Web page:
Image: Kirkuk car bomb
Yahya Ahmed  /  AP
Iraqis gather at a car that caught fire after two bomb blasts in Kirkuk, 180 miles north of Baghdad, Iraq, on Saturday.
updated 2/17/2007 7:54:41 PM ET 2007-02-18T00:54:41

A twin bombing left 11 dead in northern Iraq and U.S. aircraft went in action Saturday against Sunni insurgents west of Baghdad, as Iraqi officials claimed early success in the campaign to restore order in the capital.

The back-to-back blasts in the oil hub of Kirkuk broke a brief lull in major violence around the country as U.S. and Iraqi forces try to regain control of Baghdad and other key areas from gangs and militias.

Secretary of State Condoleezza Rice made an unannounced stop in Baghdad before heading for scheduled talks in Israel. She is the highest-level Washington official to visit Iraq since last month’s announcement of a coordinated sweep against militant factions.

“If in fact militias decide to stand down and stop killing innocent Iraqis ... that can’t be a bad thing,” Rice told reporters traveling with her.

“But how the Iraqis use the breathing space that that might provide is what’s really important” she said before meeting with Iraqi Prime Minister Nouri al-Maliki.

Militants lying low
Some believe militants have made a tactical retreat to avoid the stepped up pressure and could regroup later. The attacks in Kirkuk, about 180 miles north of Baghdad, again showed the willingness of extremists to strike busy urban areas for maximum bloodshed.

Police and witnesses said the first blast occurred near shops and a bus depot. Minutes later, a suicide car bomber attacked the same area. Terrified shoppers fled screaming in panic amid burning cars and debris. A restaurant owner lay screaming on the sidewalk, his body soaked with hot cooking oil after one of the blasts hurled him onto the curb.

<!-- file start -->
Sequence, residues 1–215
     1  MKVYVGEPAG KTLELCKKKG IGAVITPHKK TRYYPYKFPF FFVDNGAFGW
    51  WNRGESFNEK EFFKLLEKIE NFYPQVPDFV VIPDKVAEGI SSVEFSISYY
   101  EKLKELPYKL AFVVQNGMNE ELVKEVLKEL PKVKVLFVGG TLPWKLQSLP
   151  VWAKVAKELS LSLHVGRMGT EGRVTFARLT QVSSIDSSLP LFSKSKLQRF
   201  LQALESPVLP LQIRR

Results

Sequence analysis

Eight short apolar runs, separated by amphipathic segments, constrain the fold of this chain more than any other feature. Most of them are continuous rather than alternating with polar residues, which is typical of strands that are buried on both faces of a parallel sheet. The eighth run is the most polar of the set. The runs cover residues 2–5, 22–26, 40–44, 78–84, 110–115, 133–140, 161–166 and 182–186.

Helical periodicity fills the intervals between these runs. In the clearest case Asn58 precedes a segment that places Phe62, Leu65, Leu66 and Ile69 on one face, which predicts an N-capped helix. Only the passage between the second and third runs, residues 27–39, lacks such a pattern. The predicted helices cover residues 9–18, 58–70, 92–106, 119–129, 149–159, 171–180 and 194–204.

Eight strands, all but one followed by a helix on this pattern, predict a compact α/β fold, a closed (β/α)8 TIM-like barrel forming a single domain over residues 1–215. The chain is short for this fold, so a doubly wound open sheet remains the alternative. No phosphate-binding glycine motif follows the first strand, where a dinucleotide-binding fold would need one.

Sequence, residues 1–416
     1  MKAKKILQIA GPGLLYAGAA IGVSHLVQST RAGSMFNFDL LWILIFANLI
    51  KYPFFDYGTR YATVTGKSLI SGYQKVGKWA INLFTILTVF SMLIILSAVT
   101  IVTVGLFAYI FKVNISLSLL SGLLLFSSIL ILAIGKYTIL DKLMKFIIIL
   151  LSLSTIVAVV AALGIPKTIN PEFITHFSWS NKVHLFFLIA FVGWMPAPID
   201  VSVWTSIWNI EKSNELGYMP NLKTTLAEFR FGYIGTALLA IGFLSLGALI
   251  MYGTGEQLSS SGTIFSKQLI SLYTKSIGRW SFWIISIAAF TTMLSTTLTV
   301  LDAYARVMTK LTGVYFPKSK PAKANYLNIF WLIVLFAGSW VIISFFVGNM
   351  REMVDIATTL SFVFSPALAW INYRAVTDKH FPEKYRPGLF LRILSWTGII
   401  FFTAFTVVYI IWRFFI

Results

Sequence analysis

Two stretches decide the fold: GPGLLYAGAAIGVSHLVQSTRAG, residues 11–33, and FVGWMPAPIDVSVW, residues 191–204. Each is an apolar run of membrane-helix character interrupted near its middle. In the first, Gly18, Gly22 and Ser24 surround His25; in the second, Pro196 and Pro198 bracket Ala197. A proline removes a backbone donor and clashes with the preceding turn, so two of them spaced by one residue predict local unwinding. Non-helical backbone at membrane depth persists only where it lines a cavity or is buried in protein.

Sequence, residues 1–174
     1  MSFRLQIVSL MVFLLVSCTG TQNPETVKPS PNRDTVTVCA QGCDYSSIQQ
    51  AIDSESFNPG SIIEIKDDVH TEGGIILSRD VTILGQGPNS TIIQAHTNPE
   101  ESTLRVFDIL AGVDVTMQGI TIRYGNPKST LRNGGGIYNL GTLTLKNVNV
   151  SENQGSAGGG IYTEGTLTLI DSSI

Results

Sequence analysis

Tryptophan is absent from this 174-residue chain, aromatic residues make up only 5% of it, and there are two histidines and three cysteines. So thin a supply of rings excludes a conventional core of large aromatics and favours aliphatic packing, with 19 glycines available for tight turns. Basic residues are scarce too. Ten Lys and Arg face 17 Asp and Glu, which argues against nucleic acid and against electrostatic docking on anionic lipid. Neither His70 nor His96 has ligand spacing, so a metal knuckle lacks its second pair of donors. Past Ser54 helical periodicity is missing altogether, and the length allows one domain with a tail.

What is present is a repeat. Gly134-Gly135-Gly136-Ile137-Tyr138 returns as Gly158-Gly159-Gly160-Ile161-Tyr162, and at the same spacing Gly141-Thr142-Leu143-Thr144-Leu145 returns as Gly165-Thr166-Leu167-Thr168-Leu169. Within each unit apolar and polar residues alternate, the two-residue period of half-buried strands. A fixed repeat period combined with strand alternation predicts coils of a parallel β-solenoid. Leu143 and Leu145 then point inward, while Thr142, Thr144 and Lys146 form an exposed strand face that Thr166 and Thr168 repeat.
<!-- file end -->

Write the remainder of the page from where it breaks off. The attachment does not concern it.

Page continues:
Eleven people were killed in the two blasts and 65 were wounded, police Brig. Gen. Sarhat Qader said. Sunni Arabs and Kurds have laid rival claims on Kirkuk and its oil wealth.

Kirkuk is a major oil center with a mixed population of Kurds and Sunni and Shiite Arabs. On Feb. 3, a series of car bombs in the city killed two people and injured 30.

U.S. launches strikes in Ramadi
In Ramadi, a Sunni insurgent hotbed 70 miles west of the capital, U.S. jets strafed gunmen after they ambushed a U.S. patrol, said 2nd Lt. Roger Hollenbeck, a Marine spokesman. Hours later, U.S. aircraft destroyed a car with gunmen who were trying to escape after they attacked an Army patrol, Hollenbeck said.

There were no U.S. casualties, but Hollenbeck said eight insurgents were killed — four in each attack.

The attacks north and west of the capital contrasted with a lull in major violence in Baghdad as U.S. and Iraqi forces try to regain control from sectarian militias and criminal gangs.

Tightened security in capital
In Baghdad, new checkpoints were set up around the city, creating long traffic jams as vehicles were thoroughly searched. Iraqi tanks pushed into districts that recently were ruled by roaming gunmen and militant groups.

Violence in Baghdad has dropped off sharply since the military push began earlier this week. U.S. military planners, however, caution that any attempt to stabilize Baghdad could take months and it’s likely militants will not leave without a fight.

“We are very optimistic,” said U.S. Embassy spokesman Lou Fintor. Then he quickly added: “Things aren’t going to change overnight.”

Washington has pledged 21,500 additional troops for the operation, which is expected to reach a total of 90,000 U.S. and Iraqi forces.

“I would say that it is way too early to establish any trends,” Lt. Col. Chris Garver, a U.S. military spokesman, said Friday. “We’ve just started to focus our operations. We have months to go to see if we are going to succeed or not.”

Militias, insurgents lying low?
Maj. Gen. Joseph Fil, commander of U.S. forces in Baghdad, attributed the reduction in violence not only to the increased security presence but also to an apparent decision by the militias and insurgents to lay low for a while.

“But make no mistake, we do not believe ... that’s going to continue, and we do expect there are going to be some very rough, difficult days ahead,” Fil said. “And this enemy knows how — they understand lethality and they have a thirst for blood like I have never seen anywhere before.”

The U.S. military said Saturday that a U.S. Marine was killed during combat operations in western Anbar province. The Marine, who was assigned to Multinational Forces-West, died Friday, the statement said, but no further details were released.

The death was the first reported among U.S. forces since Wednesday when five soldiers were killed — all but one of them in Diyala province northeast of Baghdad.

© 2013 The Associated Press. All rights reserved. This material may not be published, broadcast, rewritten or redistributed.

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